French President Chirac Proposes International Financial Transaction Tax To Raise Funds To Fight HIV/AIDS
French President Jacques Chirac on Wednesday at the World Economic Forum in Davos, Switzerland, proposed a global tax on international financial transactions to raise $10 billion annually to fight HIV/AIDS, Reuters reports (Hirschler, Reuters, 1/26). Chirac said that options for raising more money for the global fight against HIV/AIDS could come from a tax on international financial transactions, aviation and maritime fuel or capital movements in and out of countries that "practic[e] banking secrecy," according to AFP/Yahoo! News. Chirac also proposed that a "small" tax, such as one dollar, be tacked onto the cost of every one of the three billion airline tickets sold each year (AFP/Yahoo! News, 1/27). Chirac said that the funding could be raised "without hampering markets" and could be used to provide antiretroviral treatment to more HIV-positive people in developing countries, support HIV prevention campaigns and contribute to research on an HIV/AIDS vaccine, according to Reuters (Taylor, Reuters, 1/26). "What is striking about these examples is the disproportion between the modest efforts required and the benefits everyone would reap from them," Chirac said (AFP/Yahoo! News, 1/27). Chirac called on leaders from the Group of Eight industrialized nations -- Britain, Canada, France, Germany, Italy, Japan, Russia and the United States -- to debate his proposals in July at the G8 summit in Scotland, which will be hosted by British Prime Minister Tony Blair, according the AP/Forbes (AP/Forbes, 1/26). Chirac also said that decisions on plans to fight disease, reduce global poverty and implement the Millennium Development Goals should be made at the United Nations summit in September, according to Reuters.
Reaction, Blair Speech
Chirac's proposals likely will meet "stiff opposition" from the United States and other developed countries, as well as from airlines and financial markets, Reuters reports. Some HIV/AIDS advocates criticized Chirac's proposals as "not well thought through" and unlikely to gain political support from other developed countries, according to Reuters. Simon Wright, HIV/AIDS policy adviser at the U.K. organization Action AIDS, said, "The governments need to get their heads together, particularly the G-8, and work out how they are going to do it" (Taylor, Reuters, 1/26). However, Richard Feachem, executive director of the Global Fund to Fight AIDS, Tuberculosis and Malaria, "welcomed" Chirac's ideas, saying the money raised could bring antiretroviral treatment in developing countries to a "new level" after a "strong but modest start," according to Reuters (Hirschler, Reuters, 1/26). Chirac's "radical" proposals "upstaged" Blair, who spoke to the forum on his plans for reducing global poverty, according to Reuters (Taylor, Reuters, 1/26). Blair and Chirac called on governments and corporations to form partnerships to reduce poverty and solve crises in developing countries, particularly in Africa, according to the Los Angeles Times (Rotella, Los Angeles Times, 1.27).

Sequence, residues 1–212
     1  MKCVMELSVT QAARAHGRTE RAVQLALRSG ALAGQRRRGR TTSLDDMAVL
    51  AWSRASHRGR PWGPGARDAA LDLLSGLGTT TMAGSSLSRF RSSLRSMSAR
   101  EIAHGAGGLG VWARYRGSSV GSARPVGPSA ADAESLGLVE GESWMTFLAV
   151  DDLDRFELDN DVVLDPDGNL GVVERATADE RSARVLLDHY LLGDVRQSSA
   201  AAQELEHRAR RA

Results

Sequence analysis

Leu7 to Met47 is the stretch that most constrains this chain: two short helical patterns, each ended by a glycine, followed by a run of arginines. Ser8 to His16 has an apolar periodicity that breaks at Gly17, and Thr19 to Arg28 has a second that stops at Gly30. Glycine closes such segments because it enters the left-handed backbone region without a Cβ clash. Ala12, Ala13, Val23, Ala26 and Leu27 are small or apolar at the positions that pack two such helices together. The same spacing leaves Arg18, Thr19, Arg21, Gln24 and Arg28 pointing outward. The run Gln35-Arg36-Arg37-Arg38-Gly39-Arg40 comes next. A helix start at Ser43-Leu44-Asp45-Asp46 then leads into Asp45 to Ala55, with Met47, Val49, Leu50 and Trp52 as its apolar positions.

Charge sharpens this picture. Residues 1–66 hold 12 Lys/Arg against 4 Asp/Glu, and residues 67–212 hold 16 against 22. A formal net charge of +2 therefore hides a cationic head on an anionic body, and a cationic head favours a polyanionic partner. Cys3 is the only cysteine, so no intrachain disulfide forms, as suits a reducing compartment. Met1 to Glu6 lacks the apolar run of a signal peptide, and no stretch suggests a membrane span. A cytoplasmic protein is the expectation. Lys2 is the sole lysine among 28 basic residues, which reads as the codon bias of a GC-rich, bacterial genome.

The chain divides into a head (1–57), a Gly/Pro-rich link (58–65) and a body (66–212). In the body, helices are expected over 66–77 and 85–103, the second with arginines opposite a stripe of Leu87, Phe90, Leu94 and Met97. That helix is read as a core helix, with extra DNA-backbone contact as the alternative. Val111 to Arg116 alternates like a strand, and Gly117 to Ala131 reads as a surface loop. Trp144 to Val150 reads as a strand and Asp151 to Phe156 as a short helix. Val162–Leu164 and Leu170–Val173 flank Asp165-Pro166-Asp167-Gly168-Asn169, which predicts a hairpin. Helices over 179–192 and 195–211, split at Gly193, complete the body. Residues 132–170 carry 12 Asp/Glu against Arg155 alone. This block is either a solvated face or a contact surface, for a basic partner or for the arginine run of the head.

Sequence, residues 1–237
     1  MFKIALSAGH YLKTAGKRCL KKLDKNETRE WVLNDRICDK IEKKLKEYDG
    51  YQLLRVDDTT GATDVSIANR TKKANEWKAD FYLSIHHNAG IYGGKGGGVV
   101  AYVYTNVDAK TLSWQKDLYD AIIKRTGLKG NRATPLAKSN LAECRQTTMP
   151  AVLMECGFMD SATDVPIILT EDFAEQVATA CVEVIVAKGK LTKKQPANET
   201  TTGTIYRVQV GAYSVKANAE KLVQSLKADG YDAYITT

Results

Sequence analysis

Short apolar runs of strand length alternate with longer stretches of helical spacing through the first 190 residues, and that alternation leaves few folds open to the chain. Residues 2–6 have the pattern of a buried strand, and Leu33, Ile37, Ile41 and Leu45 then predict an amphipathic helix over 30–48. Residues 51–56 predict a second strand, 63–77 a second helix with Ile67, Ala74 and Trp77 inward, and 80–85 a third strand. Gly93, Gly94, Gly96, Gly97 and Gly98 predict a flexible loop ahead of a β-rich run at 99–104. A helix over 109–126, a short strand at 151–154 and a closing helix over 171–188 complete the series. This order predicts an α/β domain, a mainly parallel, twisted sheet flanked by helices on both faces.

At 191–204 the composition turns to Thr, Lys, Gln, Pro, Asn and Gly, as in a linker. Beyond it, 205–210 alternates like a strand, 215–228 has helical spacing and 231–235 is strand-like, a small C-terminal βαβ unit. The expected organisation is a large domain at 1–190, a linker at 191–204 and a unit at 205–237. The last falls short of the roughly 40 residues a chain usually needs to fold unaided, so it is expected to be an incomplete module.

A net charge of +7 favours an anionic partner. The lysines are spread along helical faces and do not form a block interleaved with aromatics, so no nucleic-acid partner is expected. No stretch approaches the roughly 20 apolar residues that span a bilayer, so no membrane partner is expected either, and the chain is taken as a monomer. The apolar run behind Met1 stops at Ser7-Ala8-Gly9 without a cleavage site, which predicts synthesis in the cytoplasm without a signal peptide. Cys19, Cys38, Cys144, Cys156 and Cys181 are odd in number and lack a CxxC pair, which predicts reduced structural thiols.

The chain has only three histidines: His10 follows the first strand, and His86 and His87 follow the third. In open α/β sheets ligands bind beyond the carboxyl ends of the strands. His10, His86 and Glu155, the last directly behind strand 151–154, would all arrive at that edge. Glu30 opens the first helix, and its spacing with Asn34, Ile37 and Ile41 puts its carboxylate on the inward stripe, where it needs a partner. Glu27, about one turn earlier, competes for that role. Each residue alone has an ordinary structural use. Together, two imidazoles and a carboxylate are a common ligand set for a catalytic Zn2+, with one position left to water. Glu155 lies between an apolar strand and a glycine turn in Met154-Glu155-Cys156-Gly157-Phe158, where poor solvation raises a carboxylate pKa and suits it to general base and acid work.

Entertainers Call for More Effort in HIV/AIDS Fight
The World Economic Forum also served as a "chance for Hollywood to interact with business executives," as U.S. actors Richard Gere, Angelina Jolie and Sharon Stone, as well as Irish musician Bono -- founder of the AIDS, debt and trade organization DATA -- called on developed countries to do more to fight HIV/AIDS, the Washington Times reports (Borowiec, Washington Times, 1/27). "I don't have your education, but I have traveled a lot and seen AIDS in the face," Stone told the forum on Wednesday, adding that she favors "safe sex" and hopes the Pope will "change his mind" and endorse condom use to prevent the spread of HIV. Gere called on the private sector, media, actors and governments to do more to fight HIV/AIDS in developing countries, according to ANSA. "Are we or aren't we brothers and sisters?" Gere asked, adding, "Together we can save millions of lives" (ANSA, 1/26).
APM's "Marketplace" on Wednesday reported on Chirac's proposal. The segment includes comments from Jagdish Bhagwati, professor of economics at Columbia University; Laurie Garrett, senior fellow for global health at the Council on Foreign Relations; and Jeffrey Sachs, director of Columbia University's Earth Institute and special adviser to U.N. Secretary-General Kofi Annan (Palmer, "Marketplace," APM, 1/26). The complete segment is available online in RealPlayer.